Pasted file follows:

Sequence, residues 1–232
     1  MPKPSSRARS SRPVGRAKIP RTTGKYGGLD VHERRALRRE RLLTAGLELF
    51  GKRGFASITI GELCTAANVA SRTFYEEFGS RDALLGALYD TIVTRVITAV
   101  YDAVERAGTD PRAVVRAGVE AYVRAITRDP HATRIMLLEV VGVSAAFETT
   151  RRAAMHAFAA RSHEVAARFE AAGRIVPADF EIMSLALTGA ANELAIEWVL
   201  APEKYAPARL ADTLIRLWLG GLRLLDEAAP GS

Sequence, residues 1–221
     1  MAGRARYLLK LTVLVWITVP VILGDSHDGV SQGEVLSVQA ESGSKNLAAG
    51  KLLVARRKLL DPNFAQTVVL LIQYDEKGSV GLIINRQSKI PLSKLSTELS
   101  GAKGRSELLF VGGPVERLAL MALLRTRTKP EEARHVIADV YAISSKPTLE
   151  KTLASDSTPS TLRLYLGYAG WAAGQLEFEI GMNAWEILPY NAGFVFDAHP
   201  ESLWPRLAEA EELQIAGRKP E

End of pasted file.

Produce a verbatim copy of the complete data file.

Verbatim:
Sequence, residues 1–232
     1  MPKPSSRARS SRPVGRAKIP RTTGKYGGLD VHERRALRRE RLLTAGLELF
    51  GKRGFASITI GELCTAANVA SRTFYEEFGS RDALLGALYD TIVTRVITAV
   101  YDAVERAGTD PRAVVRAGVE AYVRAITRDP HATRIMLLEV VGVSAAFETT
   151  RRAAMHAFAA RSHEVAARFE AAGRIVPADF EIMSLALTGA ANELAIEWVL
   201  APEKYAPARL ADTLIRLWLG GLRLLDEAAP GS

Sequence, residues 1–221
     1  MAGRARYLLK LTVLVWITVP VILGDSHDGV SQGEVLSVQA ESGSKNLAAG
    51  KLLVARRKLL DPNFAQTVVL LIQYDEKGSV GLIINRQSKI PLSKLSTELS
   101  GAKGRSELLF VGGPVERLAL MALLRTRTKP EEARHVIADV YAISSKPTLE
   151  KTLASDSTPS TLRLYLGYAG WAAGQLEFEI GMNAWEILPY NAGFVFDAHP
   201  ESLWPRLAEA EELQIAGRKP E